A Jew is a journeyer. To be a Jew is to be constantly moving from what you are to what you can be, and from what you have made of yourself to yet a deeper truth of what you are. To be a Jew is to be engaged in a perpetual quest to improve yourself and improve G-d's world; to transcend the world and transcend your self; to transcend even as you improve and to improve even as you transcend.
A Jew is a prophet. To be a Jew is to be engaged in a lifelong conversation with G-d: to daily present before G-d your questions and your needs, your grievances and your aspirations; and to listen carefully to what G-d desires of you.
A Jew is a faithful servant. To be a Jew is to do good not only because it gains you material or spiritual reward; not only because it makes sense or feels right to do so; but, first and foremost, because G-d so commanded.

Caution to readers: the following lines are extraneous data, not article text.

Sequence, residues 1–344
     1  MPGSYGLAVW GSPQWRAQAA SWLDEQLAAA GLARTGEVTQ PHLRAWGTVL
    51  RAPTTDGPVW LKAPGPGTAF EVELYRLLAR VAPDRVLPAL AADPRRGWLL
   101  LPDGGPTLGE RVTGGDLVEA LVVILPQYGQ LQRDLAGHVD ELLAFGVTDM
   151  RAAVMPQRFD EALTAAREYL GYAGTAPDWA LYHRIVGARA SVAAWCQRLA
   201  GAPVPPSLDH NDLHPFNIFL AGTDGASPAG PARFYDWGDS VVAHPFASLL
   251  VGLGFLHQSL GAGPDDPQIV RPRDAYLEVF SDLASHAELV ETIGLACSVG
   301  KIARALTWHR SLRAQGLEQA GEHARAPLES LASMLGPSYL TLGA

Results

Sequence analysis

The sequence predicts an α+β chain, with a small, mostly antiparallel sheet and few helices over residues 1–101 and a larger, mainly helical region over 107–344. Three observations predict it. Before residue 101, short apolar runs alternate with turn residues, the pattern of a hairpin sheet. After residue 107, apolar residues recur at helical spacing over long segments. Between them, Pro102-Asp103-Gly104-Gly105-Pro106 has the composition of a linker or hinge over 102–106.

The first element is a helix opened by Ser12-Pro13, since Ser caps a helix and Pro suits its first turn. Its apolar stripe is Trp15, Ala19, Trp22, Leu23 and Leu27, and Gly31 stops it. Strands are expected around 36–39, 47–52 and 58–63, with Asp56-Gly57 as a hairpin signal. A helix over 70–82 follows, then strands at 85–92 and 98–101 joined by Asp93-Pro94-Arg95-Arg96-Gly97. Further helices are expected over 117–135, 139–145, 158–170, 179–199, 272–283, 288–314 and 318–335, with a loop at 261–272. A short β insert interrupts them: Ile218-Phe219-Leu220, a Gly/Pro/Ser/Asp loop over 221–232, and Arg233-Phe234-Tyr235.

NEARLY 3,800 YEARS AGO there lived a man named Abram. Before his time there were righteous men and women, teachers and gurus, activists and do-gooders. But they were not Jews. Abram himself was, for many years, a teacher and spiritual guide, a champion of justice and truth, a bestower of charity and kindness. But
he wasn't a Jew. Not yet.
Then, in Abram's 75th year, he heard and responded to the divine call, Lech lecha me'artzecha, me'moladetecha, ume'beit avicha, el haaretz asher areka...
This is what G-d said to Abram (translated into English): "Go, you, from your land, from your birthplace, and from your father's house, to the land that I will show you."
G-d also said (as per the Kabbalistic interpretation of the above-quoted Hebrew words and phrases): "Go to your innermost self: move away from your will, from your feelings, and from your intellect, to the desire that I will reveal to you."
Thus Abram became Abraham, the first Jew.